The Community for Technology Leaders
Social Computing / IEEE International Conference on Privacy, Security, Risk and Trust, 2010 IEEE International Conference on (2010)
Minneapolis, Minnesota, USA
Aug. 20, 2010 to Aug. 22, 2010
ISBN: 978-0-7695-4211-9
pp: 570-575
ABSTRACT
Similarity breeds connections, the principle of homophily, has been well studied in existing sociology literature. Several studies have observed this phenomenon by conducting surveys on human subjects. These studies have concluded that new ties are formed between similar individuals. This phenomenon has been used to explain several socio-psychological concepts such as segregation, community development, social mobility, etc. However, due to the nature of these studies and limitations because of involvement of human subjects, conclusions from these studies are not easily extensible in online social media. Social media, which is becoming the infinite space for interactions, has exceeded all the expectations in terms of growth and user participation, for reasons beyond human mind. New ties are formed in social media similarly as they would emerge in real-world. However, given the differences between real-world and online social media, do the same factors that govern the construction of new ties in real-world also govern the construction of new ties in social media? In this article, we study this extremely significant question. We propose a systematic approach by studying two online social media sites, BlogCatalog and Last.fm at varying granularity of interactions and report our findings along with some interesting observations.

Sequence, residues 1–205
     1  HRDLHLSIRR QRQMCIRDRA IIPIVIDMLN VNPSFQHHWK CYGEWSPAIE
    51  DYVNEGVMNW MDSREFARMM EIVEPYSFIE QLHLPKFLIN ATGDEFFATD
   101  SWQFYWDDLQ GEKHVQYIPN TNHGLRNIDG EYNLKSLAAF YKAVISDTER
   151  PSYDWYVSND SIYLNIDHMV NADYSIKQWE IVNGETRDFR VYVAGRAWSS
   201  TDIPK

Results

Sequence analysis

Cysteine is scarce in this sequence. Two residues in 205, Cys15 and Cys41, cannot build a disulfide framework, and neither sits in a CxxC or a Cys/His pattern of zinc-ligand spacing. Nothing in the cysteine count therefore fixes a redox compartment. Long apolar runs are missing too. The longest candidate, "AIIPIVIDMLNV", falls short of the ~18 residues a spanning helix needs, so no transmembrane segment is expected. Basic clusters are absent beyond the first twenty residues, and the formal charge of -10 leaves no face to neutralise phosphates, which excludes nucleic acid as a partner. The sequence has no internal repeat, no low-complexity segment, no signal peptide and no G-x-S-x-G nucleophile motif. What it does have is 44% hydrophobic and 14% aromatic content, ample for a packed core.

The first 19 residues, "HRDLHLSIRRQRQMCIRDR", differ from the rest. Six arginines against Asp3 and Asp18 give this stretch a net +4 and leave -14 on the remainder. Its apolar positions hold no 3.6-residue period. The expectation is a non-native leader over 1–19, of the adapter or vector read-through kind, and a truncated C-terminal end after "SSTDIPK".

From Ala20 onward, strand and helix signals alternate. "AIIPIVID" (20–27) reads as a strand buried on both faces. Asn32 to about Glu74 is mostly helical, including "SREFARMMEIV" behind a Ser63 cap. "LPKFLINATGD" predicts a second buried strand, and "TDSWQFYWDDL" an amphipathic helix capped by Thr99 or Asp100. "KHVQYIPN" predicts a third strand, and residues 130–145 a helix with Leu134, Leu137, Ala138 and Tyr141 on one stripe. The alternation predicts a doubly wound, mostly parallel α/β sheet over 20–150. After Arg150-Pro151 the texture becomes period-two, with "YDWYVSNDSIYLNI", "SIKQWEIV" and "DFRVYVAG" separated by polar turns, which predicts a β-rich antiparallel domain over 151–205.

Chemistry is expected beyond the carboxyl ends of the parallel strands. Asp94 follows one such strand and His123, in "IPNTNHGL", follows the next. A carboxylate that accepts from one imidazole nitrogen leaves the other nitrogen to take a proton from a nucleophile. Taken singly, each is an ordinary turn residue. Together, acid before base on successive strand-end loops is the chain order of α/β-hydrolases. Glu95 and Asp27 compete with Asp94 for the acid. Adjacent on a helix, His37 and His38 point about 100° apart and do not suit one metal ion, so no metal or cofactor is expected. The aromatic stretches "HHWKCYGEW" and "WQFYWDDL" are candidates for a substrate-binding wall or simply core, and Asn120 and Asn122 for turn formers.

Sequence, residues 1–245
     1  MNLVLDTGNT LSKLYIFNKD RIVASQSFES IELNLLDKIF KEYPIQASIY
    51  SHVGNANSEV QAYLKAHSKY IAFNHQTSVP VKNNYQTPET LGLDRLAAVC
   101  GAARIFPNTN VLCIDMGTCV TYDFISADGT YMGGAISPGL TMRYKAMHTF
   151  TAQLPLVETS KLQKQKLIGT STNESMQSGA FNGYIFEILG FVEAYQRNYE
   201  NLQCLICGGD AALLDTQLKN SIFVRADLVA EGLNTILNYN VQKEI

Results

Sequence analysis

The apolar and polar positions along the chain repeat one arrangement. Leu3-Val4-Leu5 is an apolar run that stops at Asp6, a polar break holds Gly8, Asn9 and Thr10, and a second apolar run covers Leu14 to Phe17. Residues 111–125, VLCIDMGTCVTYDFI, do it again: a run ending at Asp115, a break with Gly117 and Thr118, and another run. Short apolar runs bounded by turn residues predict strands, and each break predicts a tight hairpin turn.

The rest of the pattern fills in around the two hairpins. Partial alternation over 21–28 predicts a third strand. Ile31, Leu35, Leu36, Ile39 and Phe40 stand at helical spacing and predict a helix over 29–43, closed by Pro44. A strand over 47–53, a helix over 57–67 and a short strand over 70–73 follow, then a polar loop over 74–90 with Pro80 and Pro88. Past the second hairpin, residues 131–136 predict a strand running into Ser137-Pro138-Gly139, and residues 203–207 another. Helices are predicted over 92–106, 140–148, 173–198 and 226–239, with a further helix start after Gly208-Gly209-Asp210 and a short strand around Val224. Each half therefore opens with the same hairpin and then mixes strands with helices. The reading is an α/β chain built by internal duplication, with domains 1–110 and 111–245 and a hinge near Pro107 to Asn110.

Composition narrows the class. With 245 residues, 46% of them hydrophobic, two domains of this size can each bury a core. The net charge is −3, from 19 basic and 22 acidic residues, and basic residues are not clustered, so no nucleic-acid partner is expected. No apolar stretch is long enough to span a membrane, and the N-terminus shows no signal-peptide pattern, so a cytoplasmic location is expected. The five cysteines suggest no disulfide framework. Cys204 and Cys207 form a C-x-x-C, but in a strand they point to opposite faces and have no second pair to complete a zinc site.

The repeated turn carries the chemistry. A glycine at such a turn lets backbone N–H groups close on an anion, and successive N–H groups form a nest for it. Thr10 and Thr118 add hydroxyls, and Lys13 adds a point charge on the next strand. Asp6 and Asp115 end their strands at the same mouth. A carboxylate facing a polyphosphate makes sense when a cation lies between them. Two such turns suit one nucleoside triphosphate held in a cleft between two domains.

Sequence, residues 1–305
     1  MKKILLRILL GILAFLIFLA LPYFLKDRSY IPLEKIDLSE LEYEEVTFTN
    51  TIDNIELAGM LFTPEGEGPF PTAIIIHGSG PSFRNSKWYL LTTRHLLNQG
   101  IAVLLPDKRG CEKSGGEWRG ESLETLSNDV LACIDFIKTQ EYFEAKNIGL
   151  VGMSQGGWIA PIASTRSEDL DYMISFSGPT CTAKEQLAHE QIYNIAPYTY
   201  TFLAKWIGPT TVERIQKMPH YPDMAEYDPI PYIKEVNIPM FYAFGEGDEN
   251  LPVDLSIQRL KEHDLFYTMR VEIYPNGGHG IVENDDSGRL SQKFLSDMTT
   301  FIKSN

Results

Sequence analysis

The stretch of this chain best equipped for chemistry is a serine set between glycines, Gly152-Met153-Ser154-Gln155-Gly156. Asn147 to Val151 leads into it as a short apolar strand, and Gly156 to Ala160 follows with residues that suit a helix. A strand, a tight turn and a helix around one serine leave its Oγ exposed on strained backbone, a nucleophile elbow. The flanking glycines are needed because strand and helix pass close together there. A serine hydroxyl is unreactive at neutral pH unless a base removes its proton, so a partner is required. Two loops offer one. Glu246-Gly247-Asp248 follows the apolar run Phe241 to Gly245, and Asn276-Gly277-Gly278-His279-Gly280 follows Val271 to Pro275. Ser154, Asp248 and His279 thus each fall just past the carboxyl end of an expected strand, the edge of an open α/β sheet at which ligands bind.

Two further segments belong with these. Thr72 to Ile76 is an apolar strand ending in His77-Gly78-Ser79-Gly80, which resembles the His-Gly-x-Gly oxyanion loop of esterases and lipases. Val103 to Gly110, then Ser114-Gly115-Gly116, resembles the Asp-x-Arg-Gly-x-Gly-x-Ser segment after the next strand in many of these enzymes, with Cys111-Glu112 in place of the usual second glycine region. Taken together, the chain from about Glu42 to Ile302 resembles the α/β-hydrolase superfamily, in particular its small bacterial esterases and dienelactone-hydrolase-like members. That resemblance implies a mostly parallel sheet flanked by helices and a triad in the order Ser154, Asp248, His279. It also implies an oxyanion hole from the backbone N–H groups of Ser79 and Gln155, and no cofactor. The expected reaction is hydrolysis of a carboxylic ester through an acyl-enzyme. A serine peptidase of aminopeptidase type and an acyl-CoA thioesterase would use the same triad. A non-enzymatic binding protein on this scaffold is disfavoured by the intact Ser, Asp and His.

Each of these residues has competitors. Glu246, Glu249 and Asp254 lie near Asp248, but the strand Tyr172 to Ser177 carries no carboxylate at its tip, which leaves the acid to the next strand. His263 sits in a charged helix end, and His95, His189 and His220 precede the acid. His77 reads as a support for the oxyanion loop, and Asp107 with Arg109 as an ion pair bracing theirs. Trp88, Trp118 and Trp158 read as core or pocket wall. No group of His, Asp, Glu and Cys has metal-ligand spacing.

INDEX TERMS
Homophily, Online Social Media, BlogCatalog, Last.fm, Network Clustering, Frequent Pattern Mining, NDCG
CITATION

N. Agarwal, X. Xu and H. Bisgin, "Does Similarity Breed Connection? - An Investigation in Blogcatalog and Last.fm Communities," 2010 IEEE Second International Conference on Social Computing (SocialCom 2010). the Second IEEE International Conference on Privacy, Security, Risk and Trust (PASSAT 2010)(SOCIALCOM), Minneapolis, MN, 2010, pp. 570-575.
doi:10.1109/SocialCom.2010.90
91 ms
(Ver 3.3 (11022016))